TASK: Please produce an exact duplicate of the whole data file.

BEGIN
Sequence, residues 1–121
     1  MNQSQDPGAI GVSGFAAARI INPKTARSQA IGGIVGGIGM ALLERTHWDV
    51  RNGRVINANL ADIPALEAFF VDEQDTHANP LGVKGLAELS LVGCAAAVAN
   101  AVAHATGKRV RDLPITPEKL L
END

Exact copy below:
Sequence, residues 1–121
     1  MNQSQDPGAI GVSGFAAARI INPKTARSQA IGGIVGGIGM ALLERTHWDV
    51  RNGRVINANL ADIPALEAFF VDEQDTHANP LGVKGLAELS LVGCAAAVAN
   101  AVAHATGKRV RDLPITPEKL L